Local Turf, Global Reach

Why more and more business schools are striving for global accreditation
Devika Singh   Delhi     Print Edition: October 22, 2017
Local Turf, Global Reach

There are only about 20-odd international students in the top ten B-Schools in India. Not surprisingly, Indian B-Schools are pulling out all stops to secure global recognition for their brands. And that comes in the form of acquiring global accreditation.

In the universe of business management, accreditations from only three organisations really count - the Association to Advance Collegiate Schools of Business (AACSB), the Association of MBAs (AMBA), and the European Foundation for Management Development Quality Improvement System (EQUIS EFMD).

The Indian Institute of Management, Kolkata, is the only one that has secured the 'triple crown'. All the other top-ranked B-Schools in India are trying too, but have only managed one or two of the three accreditations.

Ask the Founder and Dean of the Great Lakes Institute of Management, Chennai, Dr. Bala V. Balachandran, why there are hardly any foreign students in India's top business schools and pat comes the reply - "Are IIMs globally respected institutions?" The octogenarian Professor Emeritus at the Kellogg School of Business Management, Illinois, does have a point.

The All India Council for Technical Education (AICTE)'s data suggests that though there are about 3,644 approved business schools in India, hardly any of them figure in global rankings. No wonder, they're not able to attract students from other countries.

How do the accreditations help? "Accreditations are an objective method to get feedback. They help you look at your performance in the international perspective. We get to know what is needed for recognition in the global landscape," says Professor Chandra P. Shrimali, the Acting Director of the Management Development Institute, Gurugram. MDI has AMBA accreditation and is working towards the other two.

Photo: Nilotpal Baruah

The Dean, New Initiatives, and External Relations at IIM Calcutta, Professor Uttam K. Sarkar, concurs. "In the past five to six years, we have been aggressive about improving our presence and branding in the international arena..one way has been through securing accreditations".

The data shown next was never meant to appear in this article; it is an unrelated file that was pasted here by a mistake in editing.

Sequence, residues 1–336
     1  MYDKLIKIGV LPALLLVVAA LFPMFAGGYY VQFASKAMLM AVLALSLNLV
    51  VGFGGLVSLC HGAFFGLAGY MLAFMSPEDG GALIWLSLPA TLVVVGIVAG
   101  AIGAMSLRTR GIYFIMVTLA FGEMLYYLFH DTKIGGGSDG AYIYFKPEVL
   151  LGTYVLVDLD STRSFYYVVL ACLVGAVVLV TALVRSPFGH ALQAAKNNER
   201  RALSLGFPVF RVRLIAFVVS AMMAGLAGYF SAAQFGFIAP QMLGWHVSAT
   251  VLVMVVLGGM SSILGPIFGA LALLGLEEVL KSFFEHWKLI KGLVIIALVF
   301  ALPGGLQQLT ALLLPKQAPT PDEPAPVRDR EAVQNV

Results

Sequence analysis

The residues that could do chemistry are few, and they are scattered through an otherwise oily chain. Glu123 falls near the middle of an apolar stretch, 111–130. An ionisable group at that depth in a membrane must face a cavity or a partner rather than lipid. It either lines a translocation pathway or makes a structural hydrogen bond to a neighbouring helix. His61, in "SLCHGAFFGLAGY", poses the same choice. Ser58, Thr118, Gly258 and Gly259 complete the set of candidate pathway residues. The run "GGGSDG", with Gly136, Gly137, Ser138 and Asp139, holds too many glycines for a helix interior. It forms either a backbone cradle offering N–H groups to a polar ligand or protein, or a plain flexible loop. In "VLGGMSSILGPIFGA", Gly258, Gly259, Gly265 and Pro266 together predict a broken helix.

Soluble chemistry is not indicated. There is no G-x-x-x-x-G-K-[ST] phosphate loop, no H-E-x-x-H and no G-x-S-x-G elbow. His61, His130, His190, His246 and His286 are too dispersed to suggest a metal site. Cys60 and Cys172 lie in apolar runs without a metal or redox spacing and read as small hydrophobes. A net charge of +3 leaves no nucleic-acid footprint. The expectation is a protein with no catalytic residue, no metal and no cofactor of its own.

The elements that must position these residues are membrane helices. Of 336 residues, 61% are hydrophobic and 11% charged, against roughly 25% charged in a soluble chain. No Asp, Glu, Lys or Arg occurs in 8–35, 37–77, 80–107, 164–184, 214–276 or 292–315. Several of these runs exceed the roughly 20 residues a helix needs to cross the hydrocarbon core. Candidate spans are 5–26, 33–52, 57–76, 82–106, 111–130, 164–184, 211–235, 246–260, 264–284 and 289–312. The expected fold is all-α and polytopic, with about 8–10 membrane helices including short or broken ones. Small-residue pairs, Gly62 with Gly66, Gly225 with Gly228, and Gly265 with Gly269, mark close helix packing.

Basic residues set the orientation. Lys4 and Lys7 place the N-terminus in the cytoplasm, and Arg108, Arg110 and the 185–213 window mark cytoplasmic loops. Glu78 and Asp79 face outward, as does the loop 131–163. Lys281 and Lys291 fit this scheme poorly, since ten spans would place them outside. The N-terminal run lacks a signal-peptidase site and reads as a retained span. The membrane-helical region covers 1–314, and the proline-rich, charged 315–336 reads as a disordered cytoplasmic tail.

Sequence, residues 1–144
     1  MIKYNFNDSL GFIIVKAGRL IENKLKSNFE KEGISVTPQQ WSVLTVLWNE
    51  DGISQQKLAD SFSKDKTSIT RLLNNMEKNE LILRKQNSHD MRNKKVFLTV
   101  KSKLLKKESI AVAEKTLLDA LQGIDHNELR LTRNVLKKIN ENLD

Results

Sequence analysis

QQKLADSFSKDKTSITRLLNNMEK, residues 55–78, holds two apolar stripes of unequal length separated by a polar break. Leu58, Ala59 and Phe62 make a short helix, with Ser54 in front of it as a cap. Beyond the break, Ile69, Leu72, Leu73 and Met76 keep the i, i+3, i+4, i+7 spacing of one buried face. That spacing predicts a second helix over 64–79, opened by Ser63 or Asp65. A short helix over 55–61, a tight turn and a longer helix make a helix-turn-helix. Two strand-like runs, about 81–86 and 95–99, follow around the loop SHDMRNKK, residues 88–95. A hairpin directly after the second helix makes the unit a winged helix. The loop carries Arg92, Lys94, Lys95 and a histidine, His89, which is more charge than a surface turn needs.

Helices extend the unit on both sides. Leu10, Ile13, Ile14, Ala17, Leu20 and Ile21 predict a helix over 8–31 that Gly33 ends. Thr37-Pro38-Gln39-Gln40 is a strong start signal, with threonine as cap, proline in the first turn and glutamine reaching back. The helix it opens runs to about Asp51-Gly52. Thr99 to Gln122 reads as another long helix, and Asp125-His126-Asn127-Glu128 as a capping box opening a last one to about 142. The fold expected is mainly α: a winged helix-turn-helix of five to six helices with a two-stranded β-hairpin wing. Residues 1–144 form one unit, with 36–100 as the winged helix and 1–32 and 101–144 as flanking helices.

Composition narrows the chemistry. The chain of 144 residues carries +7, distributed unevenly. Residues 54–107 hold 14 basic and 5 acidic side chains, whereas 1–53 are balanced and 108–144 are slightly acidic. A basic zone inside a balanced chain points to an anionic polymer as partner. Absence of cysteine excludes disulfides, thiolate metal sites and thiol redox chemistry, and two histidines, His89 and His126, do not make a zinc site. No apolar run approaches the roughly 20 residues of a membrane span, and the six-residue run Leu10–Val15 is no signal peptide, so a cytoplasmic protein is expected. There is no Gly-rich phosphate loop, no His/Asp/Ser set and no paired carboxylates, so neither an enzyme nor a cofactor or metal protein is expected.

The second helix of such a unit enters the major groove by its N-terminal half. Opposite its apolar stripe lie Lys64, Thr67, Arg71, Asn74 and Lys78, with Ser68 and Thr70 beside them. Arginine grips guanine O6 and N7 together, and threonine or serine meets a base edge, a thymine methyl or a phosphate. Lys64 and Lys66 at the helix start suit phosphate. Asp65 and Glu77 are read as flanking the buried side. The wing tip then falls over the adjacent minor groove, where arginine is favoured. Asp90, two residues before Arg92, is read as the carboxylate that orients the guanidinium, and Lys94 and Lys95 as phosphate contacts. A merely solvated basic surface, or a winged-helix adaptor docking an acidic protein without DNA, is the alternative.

Unlike domestic systems of accreditation that are input driven - Indian standardisation processes rely heavily on infrastructure, facilities, and faculty strength - global accreditations are output oriented. That is, B-Schools are judged on performance and their ability to achieve their own pre-determined goals. Though infrastructure and facilities do have a role to play, global accreditations do not use these as the sole criteria.

The race for global accreditations is a win-win situation, according to the Member Secretary of the Lal Bahadur Shastri Institute of Management's academic advisory body, Professor Alok Pandey. "To get these accreditations, B-Schools become output oriented and begin looking at what to generate," he says.

The Director of the T. A. Pai Management Institute (TAPMI), Manipal, Madhu Veeraraghavan, says global diversity on campus is an essential part of management studies. And to attract students from other nations, the accreditation is a must-have. "Global ranking is not that easy to get. You need to have outstanding academic research and many business schools in India don't prioritise quality academic research," he says. TAPMI has the AACSB accreditation.

The parameters for global accreditation include but are not restricted to, placements, overall student performances, alumni, diversity in student intake, research achievements of faculty members and social responsibility.

As a result, almost all the B-Schools in India are working towards improvements in these areas. That, however, hasn't helped them beat the diversity challenge. Dr Balachandran says it is a difficult situation. "We are a sub-continent in ourselves. Unlike a B-School in Belgium, for instance where even 80 per cent of the student body may come from Western Europe, in India, this will not take place," he says.

The Indian education sector's collective failure in selling itself in global academics is a known fact, and the economy does not offer lucrative prospects for those foreigners who would want to stay on in India after studying here.

Terming this a vicious cycle, Partner at Deloitte Touche Tohmatsu India, Anindya Mallick, sums up the situation saying: "Recognition from industry may come when corporates come for placements to our campuses, but the youth will come only when we have the global rankings. And the globing rankings depend on how much diversity there is on the campus".

@devikasingh29

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